Joy Assonkin – 2023 Northeast Region Rising Star
Get to know Joy
When you were five years old, what did you want to be when you grew up?
When I was five, I really wanted to have a bunch of different professions, like Barbie from Life in the Dream House. The main things I wanted to be were a doctor, a professional soccer player, and a firefighter on the side.
What’s your favorite STEM subject?
I really like science, especially chemistry, because of the reactions. I like math because I think it’s really black and white, and that just works easiest to my brain. But I think technology as a whole just really takes the cake, because it’s so diverse and interesting to me.
Who is your STEM role model?
I didn’t keep up with a ton of his work, but I love a lot of Thomas Edison’s quotes, like the one that says: “I have not failed. I’ve just found 10,000 ways that won’t work”, and the one that says: “Genius is 1% inspiration, 99% perspiration.” Those just really encourage me.
From the classroom to a national competition
Joy discusses how an interest in computer networking took her all the way to a national Future Business Leaders of America competition.
From Joy’s Nomination Statement
“Joy entered my Cisco Networking course not knowing much about computers or Information Technology. Within a month she quickly picked up very complex content and become one of the best networkers in the class. It was fun to watch her growth in skill and confidence as she quickly went from asking questions to answering questions.
I think Joy truly recognized her talents during our Future Business Leaders of America conference where she placed in the top 5 in three different events and in her individual events placed higher than anyone from her class. To go from an IT novice to an academic leader in six months is remarkable growth and can only be done by a remarkable person.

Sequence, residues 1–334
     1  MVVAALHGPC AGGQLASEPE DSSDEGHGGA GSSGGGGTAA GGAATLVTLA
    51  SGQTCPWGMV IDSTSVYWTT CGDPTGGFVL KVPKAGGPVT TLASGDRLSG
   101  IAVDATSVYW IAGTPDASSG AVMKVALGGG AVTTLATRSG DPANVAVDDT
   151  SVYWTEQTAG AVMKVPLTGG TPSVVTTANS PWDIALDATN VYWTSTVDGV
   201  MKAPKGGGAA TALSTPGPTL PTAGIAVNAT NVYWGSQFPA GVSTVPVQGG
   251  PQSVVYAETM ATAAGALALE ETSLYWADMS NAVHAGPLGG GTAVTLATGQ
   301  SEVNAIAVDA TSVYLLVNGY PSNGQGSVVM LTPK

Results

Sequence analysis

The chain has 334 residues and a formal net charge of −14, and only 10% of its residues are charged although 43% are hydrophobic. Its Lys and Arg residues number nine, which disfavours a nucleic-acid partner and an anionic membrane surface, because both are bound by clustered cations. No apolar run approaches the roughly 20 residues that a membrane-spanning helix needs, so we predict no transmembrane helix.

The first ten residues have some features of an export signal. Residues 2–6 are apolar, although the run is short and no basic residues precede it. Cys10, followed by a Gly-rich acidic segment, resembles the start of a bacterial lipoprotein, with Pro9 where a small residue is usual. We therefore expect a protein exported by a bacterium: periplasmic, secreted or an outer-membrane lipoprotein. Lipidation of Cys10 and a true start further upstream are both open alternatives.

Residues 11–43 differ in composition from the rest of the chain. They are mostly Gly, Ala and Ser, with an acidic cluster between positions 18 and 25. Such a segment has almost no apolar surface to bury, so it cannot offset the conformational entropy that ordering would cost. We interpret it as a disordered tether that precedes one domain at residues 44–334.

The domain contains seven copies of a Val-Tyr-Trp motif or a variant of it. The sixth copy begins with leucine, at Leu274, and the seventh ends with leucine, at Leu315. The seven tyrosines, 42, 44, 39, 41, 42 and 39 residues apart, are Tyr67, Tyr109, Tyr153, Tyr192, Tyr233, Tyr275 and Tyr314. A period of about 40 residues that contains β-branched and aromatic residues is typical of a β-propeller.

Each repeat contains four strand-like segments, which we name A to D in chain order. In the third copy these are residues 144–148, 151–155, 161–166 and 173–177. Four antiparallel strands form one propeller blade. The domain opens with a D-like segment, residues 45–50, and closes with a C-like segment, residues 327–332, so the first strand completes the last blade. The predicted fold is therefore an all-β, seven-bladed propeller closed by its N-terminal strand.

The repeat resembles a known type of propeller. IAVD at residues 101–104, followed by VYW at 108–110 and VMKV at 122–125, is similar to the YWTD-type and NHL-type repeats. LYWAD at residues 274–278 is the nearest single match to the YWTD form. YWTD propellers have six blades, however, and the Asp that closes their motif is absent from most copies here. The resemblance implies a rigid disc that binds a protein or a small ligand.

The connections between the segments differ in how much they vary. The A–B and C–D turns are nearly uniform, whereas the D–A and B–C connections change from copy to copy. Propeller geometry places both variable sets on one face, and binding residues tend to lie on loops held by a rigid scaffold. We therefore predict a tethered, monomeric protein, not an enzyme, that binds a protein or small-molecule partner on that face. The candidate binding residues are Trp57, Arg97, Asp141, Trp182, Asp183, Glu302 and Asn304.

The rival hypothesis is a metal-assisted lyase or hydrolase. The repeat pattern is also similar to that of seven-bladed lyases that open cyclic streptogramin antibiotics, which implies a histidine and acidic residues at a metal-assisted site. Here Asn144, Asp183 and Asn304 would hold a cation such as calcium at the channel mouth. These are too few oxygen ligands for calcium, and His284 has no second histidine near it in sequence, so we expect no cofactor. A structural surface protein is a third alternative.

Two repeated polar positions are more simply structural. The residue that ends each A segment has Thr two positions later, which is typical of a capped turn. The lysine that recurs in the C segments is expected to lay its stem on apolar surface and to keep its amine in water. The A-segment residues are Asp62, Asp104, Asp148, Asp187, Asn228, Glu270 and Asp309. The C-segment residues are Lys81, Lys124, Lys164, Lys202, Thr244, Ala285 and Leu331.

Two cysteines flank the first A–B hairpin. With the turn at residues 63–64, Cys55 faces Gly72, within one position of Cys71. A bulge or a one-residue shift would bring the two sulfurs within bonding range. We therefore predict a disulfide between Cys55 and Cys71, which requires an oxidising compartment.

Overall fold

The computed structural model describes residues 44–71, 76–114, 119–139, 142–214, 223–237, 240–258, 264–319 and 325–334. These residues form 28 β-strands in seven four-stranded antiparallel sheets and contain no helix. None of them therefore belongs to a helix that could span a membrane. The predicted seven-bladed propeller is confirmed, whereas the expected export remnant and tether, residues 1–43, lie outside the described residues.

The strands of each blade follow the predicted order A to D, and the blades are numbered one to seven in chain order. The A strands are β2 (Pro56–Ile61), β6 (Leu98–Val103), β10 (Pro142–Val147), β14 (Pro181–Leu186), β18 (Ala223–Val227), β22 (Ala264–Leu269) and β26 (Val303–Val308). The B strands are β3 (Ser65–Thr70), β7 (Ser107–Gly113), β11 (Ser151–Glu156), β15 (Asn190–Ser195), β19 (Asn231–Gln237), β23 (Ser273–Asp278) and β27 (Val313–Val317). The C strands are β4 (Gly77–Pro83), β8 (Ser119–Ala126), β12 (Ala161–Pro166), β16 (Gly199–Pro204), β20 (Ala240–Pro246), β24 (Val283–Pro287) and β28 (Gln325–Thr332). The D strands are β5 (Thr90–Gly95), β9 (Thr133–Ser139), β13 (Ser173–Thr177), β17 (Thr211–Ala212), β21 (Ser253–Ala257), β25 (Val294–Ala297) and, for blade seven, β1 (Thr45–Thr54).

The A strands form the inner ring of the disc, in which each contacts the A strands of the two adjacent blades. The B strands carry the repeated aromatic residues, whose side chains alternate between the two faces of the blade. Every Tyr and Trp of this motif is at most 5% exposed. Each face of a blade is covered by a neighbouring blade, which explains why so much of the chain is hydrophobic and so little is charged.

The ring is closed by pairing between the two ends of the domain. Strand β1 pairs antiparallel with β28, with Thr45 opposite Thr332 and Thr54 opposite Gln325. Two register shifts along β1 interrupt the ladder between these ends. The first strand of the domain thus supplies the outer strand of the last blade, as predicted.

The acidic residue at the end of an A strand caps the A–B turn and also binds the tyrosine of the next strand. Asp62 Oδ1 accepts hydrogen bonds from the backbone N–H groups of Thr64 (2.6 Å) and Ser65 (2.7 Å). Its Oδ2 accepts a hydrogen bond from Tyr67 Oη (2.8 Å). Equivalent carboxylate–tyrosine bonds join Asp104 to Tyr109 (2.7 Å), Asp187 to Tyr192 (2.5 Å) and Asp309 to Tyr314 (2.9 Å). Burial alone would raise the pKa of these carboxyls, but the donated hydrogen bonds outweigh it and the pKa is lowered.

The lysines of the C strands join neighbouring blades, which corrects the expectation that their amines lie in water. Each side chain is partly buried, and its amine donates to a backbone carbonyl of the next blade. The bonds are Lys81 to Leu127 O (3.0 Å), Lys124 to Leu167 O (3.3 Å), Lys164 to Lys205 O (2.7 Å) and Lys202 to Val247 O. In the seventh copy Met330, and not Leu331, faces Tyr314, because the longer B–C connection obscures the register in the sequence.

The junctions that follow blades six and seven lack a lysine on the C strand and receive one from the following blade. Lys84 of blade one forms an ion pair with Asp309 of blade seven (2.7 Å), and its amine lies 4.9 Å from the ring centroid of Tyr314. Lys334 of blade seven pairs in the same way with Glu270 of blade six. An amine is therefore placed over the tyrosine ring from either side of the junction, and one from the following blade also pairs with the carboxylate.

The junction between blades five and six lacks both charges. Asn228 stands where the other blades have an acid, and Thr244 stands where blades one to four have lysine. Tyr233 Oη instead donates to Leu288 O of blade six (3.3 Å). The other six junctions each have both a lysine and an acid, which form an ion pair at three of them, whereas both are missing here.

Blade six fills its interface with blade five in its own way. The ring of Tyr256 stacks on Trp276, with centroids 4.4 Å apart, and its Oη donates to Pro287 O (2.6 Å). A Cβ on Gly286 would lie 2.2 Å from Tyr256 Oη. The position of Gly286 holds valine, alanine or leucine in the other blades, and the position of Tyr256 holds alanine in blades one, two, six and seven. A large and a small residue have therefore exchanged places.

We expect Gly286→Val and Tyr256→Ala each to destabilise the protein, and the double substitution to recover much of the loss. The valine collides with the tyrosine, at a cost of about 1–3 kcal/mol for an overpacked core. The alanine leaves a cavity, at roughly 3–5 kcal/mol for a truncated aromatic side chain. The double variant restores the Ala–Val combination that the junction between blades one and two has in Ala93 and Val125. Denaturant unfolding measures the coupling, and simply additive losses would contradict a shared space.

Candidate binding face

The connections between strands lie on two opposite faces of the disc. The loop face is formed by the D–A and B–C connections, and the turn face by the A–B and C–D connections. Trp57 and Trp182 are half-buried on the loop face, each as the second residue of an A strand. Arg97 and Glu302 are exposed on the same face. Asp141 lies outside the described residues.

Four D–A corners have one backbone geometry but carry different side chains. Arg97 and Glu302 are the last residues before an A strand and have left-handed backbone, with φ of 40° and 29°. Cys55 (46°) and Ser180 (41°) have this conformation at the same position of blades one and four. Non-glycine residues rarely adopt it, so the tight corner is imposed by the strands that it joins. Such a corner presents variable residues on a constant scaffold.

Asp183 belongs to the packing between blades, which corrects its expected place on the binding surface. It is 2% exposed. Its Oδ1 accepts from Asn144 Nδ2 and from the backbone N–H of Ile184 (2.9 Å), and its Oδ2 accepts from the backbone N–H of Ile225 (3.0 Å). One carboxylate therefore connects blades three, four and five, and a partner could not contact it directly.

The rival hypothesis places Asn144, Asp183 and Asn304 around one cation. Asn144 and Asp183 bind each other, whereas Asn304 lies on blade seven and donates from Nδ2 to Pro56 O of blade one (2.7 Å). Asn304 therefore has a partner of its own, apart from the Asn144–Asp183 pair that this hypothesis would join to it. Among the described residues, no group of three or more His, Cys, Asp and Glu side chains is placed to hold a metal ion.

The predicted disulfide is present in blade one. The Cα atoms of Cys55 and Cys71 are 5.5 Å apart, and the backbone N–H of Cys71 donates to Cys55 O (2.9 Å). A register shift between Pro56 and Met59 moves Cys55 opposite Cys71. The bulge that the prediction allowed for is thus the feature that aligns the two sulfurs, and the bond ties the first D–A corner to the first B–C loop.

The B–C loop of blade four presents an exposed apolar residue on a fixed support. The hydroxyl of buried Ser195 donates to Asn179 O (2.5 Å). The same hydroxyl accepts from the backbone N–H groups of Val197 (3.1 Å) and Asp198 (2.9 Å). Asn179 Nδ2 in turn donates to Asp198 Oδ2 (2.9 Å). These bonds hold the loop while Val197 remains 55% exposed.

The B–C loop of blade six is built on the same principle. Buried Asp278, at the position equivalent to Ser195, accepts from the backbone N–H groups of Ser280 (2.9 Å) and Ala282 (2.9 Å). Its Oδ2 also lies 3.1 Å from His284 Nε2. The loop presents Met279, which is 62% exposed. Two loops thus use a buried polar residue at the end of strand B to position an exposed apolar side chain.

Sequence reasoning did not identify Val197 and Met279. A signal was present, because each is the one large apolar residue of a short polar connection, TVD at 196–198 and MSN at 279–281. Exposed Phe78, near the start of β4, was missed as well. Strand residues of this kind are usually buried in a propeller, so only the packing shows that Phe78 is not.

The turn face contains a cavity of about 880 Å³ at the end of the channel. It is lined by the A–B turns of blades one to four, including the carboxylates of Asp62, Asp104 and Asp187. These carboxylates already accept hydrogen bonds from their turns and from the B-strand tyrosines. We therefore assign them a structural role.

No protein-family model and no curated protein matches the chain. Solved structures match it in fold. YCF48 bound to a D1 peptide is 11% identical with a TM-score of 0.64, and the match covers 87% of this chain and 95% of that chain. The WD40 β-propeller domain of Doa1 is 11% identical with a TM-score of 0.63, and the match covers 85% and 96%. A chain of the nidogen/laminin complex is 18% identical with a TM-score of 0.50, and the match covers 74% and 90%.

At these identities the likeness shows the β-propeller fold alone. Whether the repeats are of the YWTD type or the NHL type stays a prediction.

What I find inspiring about Joy is her desire to accept challenge and have the competitive nature to battle through all adversity to be the best. In a class where she was the only girl, nobody studied or worked harder than her. While she is incredibly bright and talented, in a completely new content area, she needed to work extra hard to rise to the top of the class. One day after a test where she got the highest grade in the class, everyone had left the room and I looked at her and said: “You cannot let those boys win, can you?” She just started laughing and said: “NOPE!” I so admire a competitive person who accepts a challenge and is not afraid of any amount of work it is going to take to be the best.”
—Adam Smith, AP Computer Science/IT Teacher and District CTE Director, Cheney School District